Experiences of a girl travelling to Syria hitchhiking
Today we publish the last of 30 stories selected for”travel writing Competition”, which “Tape.ru” conducted with the support of “the Rambler.Travel”.
Museums are closed or looted, in the tourist centers gathering dust piles nobody the necessary maps, in the castles of the crusaders long live the soldiers, and photograph in the centre of the capital would be long to explain to the military… Of the journey through the once prosperous Syria in October 2014 (in the fourth year of the civil war) tells Anastasia Pimpin.
I must say: cherry and generous, Syria still exists. Not only on the map, in the virtual space, the hearts of Syrian patriots, but in reality. Stripped down on the area, somewhere sacred, somewhere deserted, torn Syria continues to live. And the Syrians, as before, to remain as friendly people, ready as selflessly’re the restless hearted and to help the foreign guest.
We drove into Syria from Lebanon. After microvascularity Lebanon, jammed Packed mountains and to the Mediterranean sea, Syria is thought the present power — giant of the road, endless scenery, cities and towns on the way. In Syria the scope and breadth that is lacking in close Lebanon.
The border was crossed by hitchhiking. In the buffer zone we were picked up by taxi driver Christian Syrian woman from fashion on Board. The Syrian woman, after learning that we were from Russia, has resolved all our issues with the border guards, it had thrust us a couple of bottles of whiskey for transportation. Neither the taxi driver nor the passenger of a word didn’t know English, we’re Arab owned quite “Kalil” (a little bit). But this did not prevent us to understand each other, drive to Damascus, passing dozens of test posts, and cute bow in the centre of the capital.
Damascus met in autumn is quiet and warm. Occasionally the silence was split by the roar of artillery in the suburbs is not the first year there are full-scale battles. Mansions on the main streets somehow cozy faded, dilapidated. The atmosphere of decadence is hopeless from a protracted war, but still in Arabic jaunty, life-affirming. Passers-by with interest, surprise looked at us (we walked with tight travel backpacks stuffed behind), came, spoke, asked where we are, whether we need help.
The tourist and the foreigner, in Damascus now a rarity. European diplomatic mission left Syria on the eve of big events. Before the war in Damascus to imagine such a thing was simply impossible. When the locals find out that we are Russian, we almost applauded: “Thank you, Russia!”, “Abu Ali Butin” (hero Putin), “Lavrov”… is what is associated here Russia almost at all, instead of the usual vodka, matryoshka and bears.
Central street is partially blocked to cars. On the approaches to pedestrian zones are the posts — check the documents, the contents of the bags. In Piazza Marget, at the monument of a Telegraph pole, constantly hanging around refugees. They are easily calculated by their outside appearance and behavior — men in Bedouin robes shuffle on the edge of the pavement, women in dark dresses-bags have followed them… With an expectant, lost eyes, they came here from different parts of the country and who live in a hotel right on the lawns.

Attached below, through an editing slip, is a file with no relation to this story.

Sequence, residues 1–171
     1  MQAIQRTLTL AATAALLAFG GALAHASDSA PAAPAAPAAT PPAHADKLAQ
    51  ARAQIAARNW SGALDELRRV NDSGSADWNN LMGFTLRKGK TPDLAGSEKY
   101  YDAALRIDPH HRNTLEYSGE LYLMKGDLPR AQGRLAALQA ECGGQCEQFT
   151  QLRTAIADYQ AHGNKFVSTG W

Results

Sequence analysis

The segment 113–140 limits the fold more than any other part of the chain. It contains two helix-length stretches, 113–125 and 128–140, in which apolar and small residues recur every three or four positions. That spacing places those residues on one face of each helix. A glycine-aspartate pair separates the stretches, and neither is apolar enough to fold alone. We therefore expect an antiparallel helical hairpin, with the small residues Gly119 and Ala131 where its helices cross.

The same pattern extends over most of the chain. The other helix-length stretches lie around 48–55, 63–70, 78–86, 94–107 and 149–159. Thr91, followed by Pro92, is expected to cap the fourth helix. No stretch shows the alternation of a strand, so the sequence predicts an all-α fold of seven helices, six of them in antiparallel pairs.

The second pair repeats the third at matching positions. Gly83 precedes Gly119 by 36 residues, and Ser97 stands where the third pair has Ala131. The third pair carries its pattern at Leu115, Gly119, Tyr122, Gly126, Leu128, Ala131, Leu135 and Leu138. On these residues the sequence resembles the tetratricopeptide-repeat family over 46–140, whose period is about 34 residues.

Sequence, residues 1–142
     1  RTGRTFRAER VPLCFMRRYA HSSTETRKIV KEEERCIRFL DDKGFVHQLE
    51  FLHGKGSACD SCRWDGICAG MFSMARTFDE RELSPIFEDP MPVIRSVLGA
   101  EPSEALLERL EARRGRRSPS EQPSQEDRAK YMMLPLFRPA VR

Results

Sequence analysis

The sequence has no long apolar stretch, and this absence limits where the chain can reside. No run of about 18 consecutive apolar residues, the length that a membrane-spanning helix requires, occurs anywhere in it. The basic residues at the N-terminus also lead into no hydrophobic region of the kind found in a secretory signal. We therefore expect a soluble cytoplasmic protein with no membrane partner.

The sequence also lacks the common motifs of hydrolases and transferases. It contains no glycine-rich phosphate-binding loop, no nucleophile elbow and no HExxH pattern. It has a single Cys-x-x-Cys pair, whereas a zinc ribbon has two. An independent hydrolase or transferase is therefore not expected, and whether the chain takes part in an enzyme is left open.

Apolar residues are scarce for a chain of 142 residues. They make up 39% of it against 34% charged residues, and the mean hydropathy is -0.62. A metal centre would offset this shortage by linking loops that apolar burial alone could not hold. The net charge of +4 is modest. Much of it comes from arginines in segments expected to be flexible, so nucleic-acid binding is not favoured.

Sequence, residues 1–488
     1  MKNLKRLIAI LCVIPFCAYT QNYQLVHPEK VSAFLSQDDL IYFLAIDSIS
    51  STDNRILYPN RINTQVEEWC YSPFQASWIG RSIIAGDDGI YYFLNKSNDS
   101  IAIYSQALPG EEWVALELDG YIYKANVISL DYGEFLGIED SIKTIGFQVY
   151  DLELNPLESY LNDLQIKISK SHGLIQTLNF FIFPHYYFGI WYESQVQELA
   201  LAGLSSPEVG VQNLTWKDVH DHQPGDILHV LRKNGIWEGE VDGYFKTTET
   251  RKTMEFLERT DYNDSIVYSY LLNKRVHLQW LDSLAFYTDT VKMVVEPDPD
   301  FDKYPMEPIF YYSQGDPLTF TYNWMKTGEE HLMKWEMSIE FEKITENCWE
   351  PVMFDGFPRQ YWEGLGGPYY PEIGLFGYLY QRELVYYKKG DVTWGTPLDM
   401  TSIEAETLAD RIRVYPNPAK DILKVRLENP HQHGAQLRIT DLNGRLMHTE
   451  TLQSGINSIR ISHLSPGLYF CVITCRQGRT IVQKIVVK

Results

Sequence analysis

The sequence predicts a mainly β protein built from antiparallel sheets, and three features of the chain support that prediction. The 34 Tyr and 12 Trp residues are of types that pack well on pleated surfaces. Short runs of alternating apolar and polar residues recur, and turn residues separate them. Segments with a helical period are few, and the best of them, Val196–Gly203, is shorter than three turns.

Al-Hamidiya — the main market of the capital — alive
Photo: Anastasia Pimpin
Our budget hotel near Russian cultural centre is no exception. It is densely populated non-capital residents. They live, usually with the whole family in one room (and Syrians families are large, from three to four or more children) for months in anticipation. Expect, as a rule, one is when they manage to leave their country…
Al-Hamidiya — the main market of the capital — alive. Pulsating in the normal rhythm of the middle Eastern Bazaar, the noise, the DIN, the shouting of merchants in the crowd. No hint of war.
In the “old town” life flows measuredly also is in closed courtyards, caravanserais noisy fountains, restaurants. In the Khan Assad Pasha met even students, learn play. However, cafés and souvenir shops have become much smaller, and hostels don’t have any. The famous Umayyad mosque in spirit now resembles an ordinary Bazaar mosque. Empty, quiet and huge. But once thousands of Muslim and Christian pilgrims from all over the world flocked here to venerate the relics of the prophet Yahweh (John the Baptist). And the noise, hubbub, fuss stood there not less than at the Bazaar.
Major museums — the national Museum of Damascus, Damascus, the fortress is closed until better times, the congregation moved into a secure vault. The Syrians are trying to avoid what happened with the National Museum of Aleppo and the Museum of the city of Hama, which had been looted by bandits. As locals say, the antiquity of these museums catalogs are sold abroad on the black market of Antiques.
A couple of days later by bus we went to the coast, Latakia is a port city, one of the safest places in the country. On the middle finger of each was hanging on tactice. Tactica now chief baby trend of Damascus. It is impossible not to notice or ignore. With tactical on your finger there go almost all the children. Tablets, iPods or phones they have. Electricity constantly shut off — that and kids running around, chattering tactically.
Tactica are two dense plastic ball on a string. The rope is attached to the ring, the ring is threaded on the middle finger. The player hits the balls so that they converge under the hand and over the palm. The toy produces a characteristic knock. Children in Syria a lot, so the sound of taktyki in Damascus came from everywhere day and night. Tactica on our fingers immediately had local. We repeatedly used.